3. Sunni, thank you so much for all this fabric information. I love it!!!! I have wondered what the difference was between some of the wools & this post, along with the others, has been so great. Thank you, thank you, thank you for taking the time to inform us. By the way, I ordered some of the cotton jersey fabric from you & love it. Can’t wait for things to settle down so I can make a Renfrew T shirt with it.

    1. So glad you’re loving the cotton jerseys Tina! Means a lot to hear you say that. Also glad that people are finding this info useful. I’ve found that so many customers who come into the store don’t know what certain fabrics are – not a bad thing at all – but when you know, and especially when you’re ordering online, you know what you’re purchasing. Really helps a bunch!

  4. I’ve taken a few high-end tailoring classes. We were always instructed not to us gabardine because it is an unforgiving fabric and unsuitable for people without a lot of experience. Flannel or tweed were recommended instead. I prefer those two to gabardine, which for my taste is too hard and slick for the clothes that interest me.

      1. Yes, I can definitely see this. It is unforgiving because it will show every single blemish you made where tweed or flannels won’t necessarily. But I still love the occasional gab for a pair of trousers or even a nice skirt or structured sheath dress. I find that gabardine holds up quite well to a lot of wear and tear too. I’ve worn my red trousers quite a bit – even laundered them quite a bit too and they look like I just made them.

  5. Twill has good drape because it has an automatic bias woven in — those diagonal lines that show up on the surface because of the offset at the beginning of each row of weaving. Denim is typically a twill. You may notice that your denim jeans tend to twist at the seams — a twill weave is the usual reason. Wrangler jeans used a broken twill for many years, specially woven by Cone Mills for them. The break in the twill meant that the fabric was very stable, yet still had the drape of a regular twill. (Well, as good a drape as an all-cotton 16-oz fabric could have.)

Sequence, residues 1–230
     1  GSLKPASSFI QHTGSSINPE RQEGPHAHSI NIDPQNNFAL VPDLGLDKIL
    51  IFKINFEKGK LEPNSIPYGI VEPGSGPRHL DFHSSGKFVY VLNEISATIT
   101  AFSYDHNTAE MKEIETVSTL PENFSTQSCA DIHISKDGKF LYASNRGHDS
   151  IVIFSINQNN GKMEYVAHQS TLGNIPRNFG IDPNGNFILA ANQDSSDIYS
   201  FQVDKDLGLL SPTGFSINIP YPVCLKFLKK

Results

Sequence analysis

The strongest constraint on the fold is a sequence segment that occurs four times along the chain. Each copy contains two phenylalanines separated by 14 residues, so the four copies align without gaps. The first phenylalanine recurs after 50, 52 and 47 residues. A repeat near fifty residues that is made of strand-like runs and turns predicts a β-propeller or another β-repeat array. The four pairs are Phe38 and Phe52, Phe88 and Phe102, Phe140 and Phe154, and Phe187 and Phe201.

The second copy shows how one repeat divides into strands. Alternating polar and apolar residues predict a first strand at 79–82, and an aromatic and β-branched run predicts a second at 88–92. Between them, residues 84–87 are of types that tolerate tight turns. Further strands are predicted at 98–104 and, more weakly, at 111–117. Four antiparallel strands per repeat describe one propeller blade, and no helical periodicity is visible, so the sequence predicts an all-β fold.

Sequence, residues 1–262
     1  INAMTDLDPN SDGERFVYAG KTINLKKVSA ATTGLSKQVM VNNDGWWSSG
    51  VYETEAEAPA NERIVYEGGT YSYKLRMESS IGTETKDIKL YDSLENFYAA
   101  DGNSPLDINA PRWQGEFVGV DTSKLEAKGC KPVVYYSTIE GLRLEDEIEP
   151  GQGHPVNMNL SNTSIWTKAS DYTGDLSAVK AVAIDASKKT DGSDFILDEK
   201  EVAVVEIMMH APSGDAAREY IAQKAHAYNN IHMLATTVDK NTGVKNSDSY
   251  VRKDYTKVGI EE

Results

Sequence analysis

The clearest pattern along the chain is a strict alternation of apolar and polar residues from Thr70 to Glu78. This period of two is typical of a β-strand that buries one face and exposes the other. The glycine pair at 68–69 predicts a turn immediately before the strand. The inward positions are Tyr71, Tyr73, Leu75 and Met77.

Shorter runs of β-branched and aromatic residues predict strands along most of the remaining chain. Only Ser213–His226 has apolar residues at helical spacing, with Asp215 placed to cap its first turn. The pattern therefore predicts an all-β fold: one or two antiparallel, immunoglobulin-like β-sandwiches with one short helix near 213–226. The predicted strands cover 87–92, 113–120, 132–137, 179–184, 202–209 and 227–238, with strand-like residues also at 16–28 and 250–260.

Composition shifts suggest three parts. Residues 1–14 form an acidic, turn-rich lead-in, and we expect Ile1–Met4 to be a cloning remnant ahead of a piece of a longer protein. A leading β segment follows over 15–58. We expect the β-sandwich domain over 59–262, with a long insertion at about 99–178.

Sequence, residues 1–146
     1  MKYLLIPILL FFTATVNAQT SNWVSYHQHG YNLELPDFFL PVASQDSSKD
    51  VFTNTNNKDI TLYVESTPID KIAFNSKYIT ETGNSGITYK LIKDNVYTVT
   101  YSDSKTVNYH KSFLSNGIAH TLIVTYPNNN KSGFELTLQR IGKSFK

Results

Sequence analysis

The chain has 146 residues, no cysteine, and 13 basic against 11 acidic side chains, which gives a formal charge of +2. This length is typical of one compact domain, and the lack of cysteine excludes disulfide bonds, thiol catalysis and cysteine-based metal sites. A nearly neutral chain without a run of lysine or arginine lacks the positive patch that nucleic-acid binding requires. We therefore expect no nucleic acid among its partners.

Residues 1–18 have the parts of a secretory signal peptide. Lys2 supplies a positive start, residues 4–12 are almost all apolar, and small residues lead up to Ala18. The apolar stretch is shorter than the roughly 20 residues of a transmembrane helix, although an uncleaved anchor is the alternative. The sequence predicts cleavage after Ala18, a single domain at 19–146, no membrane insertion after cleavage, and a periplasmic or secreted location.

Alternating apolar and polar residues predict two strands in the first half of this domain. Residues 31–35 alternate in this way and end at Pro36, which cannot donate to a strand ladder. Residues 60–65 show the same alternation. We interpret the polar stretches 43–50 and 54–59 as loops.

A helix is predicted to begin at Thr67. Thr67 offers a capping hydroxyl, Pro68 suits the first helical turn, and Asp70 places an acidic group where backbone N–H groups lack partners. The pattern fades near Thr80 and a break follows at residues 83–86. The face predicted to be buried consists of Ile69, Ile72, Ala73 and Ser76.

There are cotton twills and silk twills as well as woolen ones. Silk faille and rep, used in tie making, is a form of twill weave, for example.

  6. The most stable weave is the basic one over one under. Twill weave goes over two under one and that pattern moves diagonally across the fabric. This makes the fabric less stable and more drappy.
    I’m loving this series, we all learn as we go along.

  7. I would add that wool gabardine is probably more drapey than something like cotton denim because of the difference between cotton and wool (cotton is inherently more stiff until the plant fiber breaks down, which is why cotton and linen and other plant fiber cloth gets softer over time) and the density of the sett. (The sett is how many strands of fabric per inch in the cloth. When you read about thread count, that is related to the sett of the weaving.) I would be curious to know, as one who DOES weave, what is the sett density and wool yarn weight for gabardine.